In the Philippine Islands the situation is for us absolutely novel. It cannot be said to be out of the scope of reasonable American expansion and is in the right line of enlarging the area of enlightenment and stimulating the progress of civilization. The unexpected has happened, but it is not illogical. It must have been written long ago on the scroll of the boundless blue and the stars. The incident of war was the "rush" order of the President of the United States to Admiral Dewey to destroy the Spanish fleet at Manila, for the protection of our commerce. The deed was done with a flash of lightning, and lo! we hold the golden key of a splendid Asiatic archipelago of a thousand beautiful and richly endowed islands in our grip. This is the most brilliant and startling achievement in the annala of naviea. Neoer before had the sweep oi aea power, ordered through the wires that make the world's continents, oceans and islands one huge whispering gallery, such striking exemplification. There was glory and fame in it, and immensurable material for the making of history. We may paraphrase Dr. Johnson's celebrated advertisement of the widow's brewery by saying: Admiral Dewey's victory was not merely the capture of a harbor commanding a great city, one of the superb places of the earth, and the security of a base of operations to wait for reinforcements commensurate with the resources of the United States of America - the victorious hero fixed his iron hand upon a wonderful opportunity it was the privilege of our Government to secure at large, according to the rights of a victorious Nation for the people thereof - a chance for the youth of America, like that of the youth of Great Britain, to realize upon the magnificence of India; and this is as Dr. Johnson said of the vats and barrels of the Thrale estate - "the potentiality of wealth beyond the dreams of avarice." It is a new departure, but not a matter for the panic or apprehension of conservatism, that the Stars and Stripes float as the symbol of sovereignty over a group of islands in the waters of Asia, that are equal to all the West Indies. If we are strangers there now we shall not be so long. We have a front on the Pacific Ocean, of three great States - Washington, equal to England; Oregon, whose grandeur rolls in the sound of her famous name, and incomparable California, whose title will be the synonym of golden good times forever. The Philippines are southwest from our western front doors. They have been the islands of our sunsets in the winter. Now they look to us for the rosy dawn out of which will come the clear brightness of the white light of mornings and the fullness of the ripening noons, all the year around. With our bulk of the North American continent bulging into both the great oceans, it was foreordained since the beginning when God created the earth, that we, the possessors of this imperial American zone, should be a great Asiatic Power. We have it now in evidence, written in islands among the most gorgeous of those that shine in the Southern seas - islands - that are east from the Atlantic and west from the Pacific shores of the One Great Republic - that we may personify hereafter, sitting at the head of the table when the empires of the earth consult themselves as to the courses of empire. Our Course of Empire is both east and west.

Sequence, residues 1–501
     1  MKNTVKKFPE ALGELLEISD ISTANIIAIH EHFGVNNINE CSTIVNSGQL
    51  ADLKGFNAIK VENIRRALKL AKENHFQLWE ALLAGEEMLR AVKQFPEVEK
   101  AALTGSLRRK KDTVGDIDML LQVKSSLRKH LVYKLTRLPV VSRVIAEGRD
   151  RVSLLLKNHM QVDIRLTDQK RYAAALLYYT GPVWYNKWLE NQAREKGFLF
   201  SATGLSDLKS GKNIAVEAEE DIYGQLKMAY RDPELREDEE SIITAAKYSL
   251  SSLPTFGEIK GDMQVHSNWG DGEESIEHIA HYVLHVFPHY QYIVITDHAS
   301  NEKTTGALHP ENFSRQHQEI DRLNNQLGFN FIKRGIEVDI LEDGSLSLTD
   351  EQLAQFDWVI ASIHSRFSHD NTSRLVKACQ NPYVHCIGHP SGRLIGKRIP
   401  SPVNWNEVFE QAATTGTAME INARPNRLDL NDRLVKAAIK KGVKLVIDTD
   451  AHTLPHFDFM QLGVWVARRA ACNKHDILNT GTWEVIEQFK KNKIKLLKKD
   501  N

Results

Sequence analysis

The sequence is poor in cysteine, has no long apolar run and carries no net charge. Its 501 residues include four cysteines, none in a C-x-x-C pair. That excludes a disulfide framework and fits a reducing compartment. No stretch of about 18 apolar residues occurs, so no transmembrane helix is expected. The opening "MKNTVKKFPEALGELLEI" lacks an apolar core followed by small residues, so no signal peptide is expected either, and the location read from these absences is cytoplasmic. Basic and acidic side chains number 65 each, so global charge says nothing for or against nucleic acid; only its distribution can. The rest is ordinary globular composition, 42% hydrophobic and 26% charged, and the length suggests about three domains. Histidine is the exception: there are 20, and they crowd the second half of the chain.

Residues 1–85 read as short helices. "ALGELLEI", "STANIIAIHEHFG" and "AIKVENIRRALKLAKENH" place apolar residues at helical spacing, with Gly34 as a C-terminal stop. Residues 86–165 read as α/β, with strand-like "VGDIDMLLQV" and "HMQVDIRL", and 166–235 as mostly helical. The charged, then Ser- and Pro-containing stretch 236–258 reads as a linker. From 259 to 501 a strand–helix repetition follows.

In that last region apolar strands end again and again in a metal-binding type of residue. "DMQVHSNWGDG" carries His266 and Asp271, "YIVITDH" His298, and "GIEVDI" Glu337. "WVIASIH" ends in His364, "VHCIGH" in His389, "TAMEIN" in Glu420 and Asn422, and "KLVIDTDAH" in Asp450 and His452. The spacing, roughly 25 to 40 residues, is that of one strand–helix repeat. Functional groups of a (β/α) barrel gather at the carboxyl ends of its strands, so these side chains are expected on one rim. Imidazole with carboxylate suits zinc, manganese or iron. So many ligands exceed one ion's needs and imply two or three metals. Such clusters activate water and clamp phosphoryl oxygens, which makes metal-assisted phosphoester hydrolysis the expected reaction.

The contact of Americen and Asiatic civilization in the Philippines, with the American army there, superseding the Spaniards, will be memorable as one of the matters of chief moment in the closing days of the nineteenth century, and remembered to date from for a thousand years. It is my purpose to write of this current history while it is a fresh, sparkling stream; and attempt something more than the recitation of the news of the day, as it is condensed and restrained in telegrams; to give it according to the extent of my ability and the advantages of my opportunity, the local coloring, the characteristic scenery; the pen pictures of the people and their pursuits; sketches of the men who are doers of deeds that make history; studies of the ways and means of the islanders; essays to indicate the features of the picturesque of the strange mixture of races; the revolutionary evolutions of politics; the forces that pertain to the mingling of the religions of the Occident and the Orient, in a chemistry untried through the recorded ages. It is a tremendous canvas upon which I am to labor, and I know full well how inadequate the production must be, and beg that this index may not be remembered against me. It is meant in all modesty, and I promise only that - there will be put into the task the expertness of experience and the endeavor of industry.

MURAT HALSTEAD.